Victims' families react

Fred Guttenberg, a gun safety activist whose daughter was killed in the Stoneman Douglas High School shooting in 2018, denounced the judge's comparison.

"My daughter is in a cemetery because a Swiss Army Knife was not used, because it was an AR-15," he said. "If a Swiss Army Knife were used, my daughter and most of those other kids and adults would be alive today."

Guttenberg also called Benitez a "liar" and an "activist judge."

"You are a liar, and your opinion is written utilizing the exact language of the gun lobby. These are not new words. These are not new phrases. They are not new expressions," he said. "You took the language from the gun lobby to write this opinion."

Asked for his reaction on Guttenberg's remarks, Benitez told CNN in an email he is "prohibited from publicly commenting on pending cases."

Also on Saturday, Richard Martinez, whose son was killed in a 2014 California mass shooting, spoke to CNN's Fredricka Whitfield and rejected the judge's conclusion that assault weapons like the AR-15 are "fairly ordinary, popular, modern rifles."

"It's outrageous," Martinez told CNN. "It is wrong. Assault weapons were designed by the military to kill people, to kill a lot of people, to kill a lot of people quickly. These type of AR-15-style weapons are modeled after the military versions, and they function pretty much the same way as the weapons used by the military."

"It is a devastating blow to survivors and all the families," said Judy Weldon, a teacher who survived a 1989 shooting at an elementary school in Stockton, California. "His whole ruling is terribly flawed."

Weldon called the judge's decision "grossly irresponsible," adding there was no reason for assault weapons "to be in the hands of ordinary citizens."

"Look at how many people in our country are dealing with trauma from gun violence," she added.

Tina Meins, whose father was killed in the mass shooting in San Bernardino in 2015, said the pain she and other families have suffered because of these weapons shouldn't have to continue.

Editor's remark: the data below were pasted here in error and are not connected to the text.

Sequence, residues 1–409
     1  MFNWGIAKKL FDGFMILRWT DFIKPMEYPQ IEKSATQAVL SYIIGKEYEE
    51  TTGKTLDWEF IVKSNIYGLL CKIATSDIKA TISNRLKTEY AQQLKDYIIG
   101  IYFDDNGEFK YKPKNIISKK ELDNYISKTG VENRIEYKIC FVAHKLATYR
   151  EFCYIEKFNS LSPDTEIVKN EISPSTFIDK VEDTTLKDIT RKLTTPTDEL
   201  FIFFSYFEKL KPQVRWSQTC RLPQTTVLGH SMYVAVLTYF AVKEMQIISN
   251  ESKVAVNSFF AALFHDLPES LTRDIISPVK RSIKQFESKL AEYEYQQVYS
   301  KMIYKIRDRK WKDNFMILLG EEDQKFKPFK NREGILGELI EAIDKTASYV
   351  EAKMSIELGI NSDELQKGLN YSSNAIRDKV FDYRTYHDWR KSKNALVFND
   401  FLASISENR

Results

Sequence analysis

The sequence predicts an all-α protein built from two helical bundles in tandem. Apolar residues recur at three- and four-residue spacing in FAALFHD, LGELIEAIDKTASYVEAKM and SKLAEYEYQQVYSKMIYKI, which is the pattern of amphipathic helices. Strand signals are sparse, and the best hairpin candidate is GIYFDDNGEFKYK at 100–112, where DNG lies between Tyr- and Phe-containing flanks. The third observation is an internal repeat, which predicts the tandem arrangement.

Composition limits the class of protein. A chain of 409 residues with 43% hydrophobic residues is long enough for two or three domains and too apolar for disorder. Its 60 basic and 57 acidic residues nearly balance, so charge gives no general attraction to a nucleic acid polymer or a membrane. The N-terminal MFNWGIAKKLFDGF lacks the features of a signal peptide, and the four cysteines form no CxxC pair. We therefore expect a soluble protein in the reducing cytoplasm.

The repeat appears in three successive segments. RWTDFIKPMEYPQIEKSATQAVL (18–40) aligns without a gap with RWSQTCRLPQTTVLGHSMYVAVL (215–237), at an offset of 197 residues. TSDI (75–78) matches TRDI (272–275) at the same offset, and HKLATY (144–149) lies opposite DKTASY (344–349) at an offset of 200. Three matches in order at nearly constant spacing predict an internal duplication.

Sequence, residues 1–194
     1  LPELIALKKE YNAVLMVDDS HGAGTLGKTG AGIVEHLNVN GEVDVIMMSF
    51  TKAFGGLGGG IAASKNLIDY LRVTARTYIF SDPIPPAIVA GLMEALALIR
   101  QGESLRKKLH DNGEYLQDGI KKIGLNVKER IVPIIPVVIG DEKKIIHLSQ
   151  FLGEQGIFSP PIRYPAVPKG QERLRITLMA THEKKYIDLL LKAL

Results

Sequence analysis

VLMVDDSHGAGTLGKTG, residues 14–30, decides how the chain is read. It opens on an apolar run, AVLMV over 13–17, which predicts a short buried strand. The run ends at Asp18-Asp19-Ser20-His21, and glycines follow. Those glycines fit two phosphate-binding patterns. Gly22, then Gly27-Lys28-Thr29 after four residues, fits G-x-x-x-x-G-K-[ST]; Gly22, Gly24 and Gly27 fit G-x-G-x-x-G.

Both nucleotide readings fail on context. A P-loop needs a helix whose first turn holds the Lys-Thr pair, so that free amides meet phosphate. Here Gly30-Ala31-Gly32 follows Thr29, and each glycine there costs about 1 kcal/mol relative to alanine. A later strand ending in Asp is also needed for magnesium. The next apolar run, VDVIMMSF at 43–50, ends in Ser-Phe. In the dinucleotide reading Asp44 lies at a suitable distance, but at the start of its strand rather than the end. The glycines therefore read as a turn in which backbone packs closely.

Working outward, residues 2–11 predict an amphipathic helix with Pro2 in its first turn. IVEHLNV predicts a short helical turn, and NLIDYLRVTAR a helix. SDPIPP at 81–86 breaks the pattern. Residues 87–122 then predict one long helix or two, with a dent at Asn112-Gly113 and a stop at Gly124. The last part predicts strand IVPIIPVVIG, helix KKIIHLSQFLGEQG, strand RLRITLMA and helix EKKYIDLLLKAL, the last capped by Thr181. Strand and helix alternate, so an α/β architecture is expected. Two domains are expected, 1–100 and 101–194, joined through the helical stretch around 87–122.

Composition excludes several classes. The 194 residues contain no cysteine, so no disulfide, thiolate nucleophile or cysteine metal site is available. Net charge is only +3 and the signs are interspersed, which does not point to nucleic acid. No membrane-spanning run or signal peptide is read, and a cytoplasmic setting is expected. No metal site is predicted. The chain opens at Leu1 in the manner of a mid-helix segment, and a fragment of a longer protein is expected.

"He likened in his ruling the popular AR-15 rifle to a Swiss army knife, which is a false equivalence and insult to common sense," she told CNN. "I'm certain that every person that's lost a loved one to gun violence or has been threatened or wounded by a gun immediately recoiled at such an obtuse comparison."

2nd Amendment advocates celebrate

Gun rights advocates quickly celebrated Friday's ruling.

Calling the existing state law "tyrannical," the pro-gun Firearms Policy Coalition said it was a first step in "restoring" gun rights across the country.

"In his order today, Judge Benitez held what millions of Americans already know to be true: Bans on so-called 'assault weapons' are unconstitutional and cannot stand," said FPC President Brandon Combs. "This historic victory for individual liberty is just the beginning, and FPC will continue to aggressively challenge these laws throughout the United States. We look forward to continuing this challenge at the Ninth Circuit and, should it be necessary, the Supreme Court."

The National Rifle Association called the judge's decision "well-reasoned and principled" and said it "demonstrates the importance of appointing judges who accurately apply the original meaning of our Constitution."

"Judge Benitez highlighted what all gun owners know: these types of restrictive gun laws don't make anyone safer and infringe on the rights of law-abiding Americans. We look forward to the positive impact this ruling will have on current and future Second Amendment cases," NRA spokesman Lars Dalseide said in a statement to CNN.

The-CNN-Wire™ & © 2018 Cable News Network, Inc., a Time Warner Company. All rights reserved.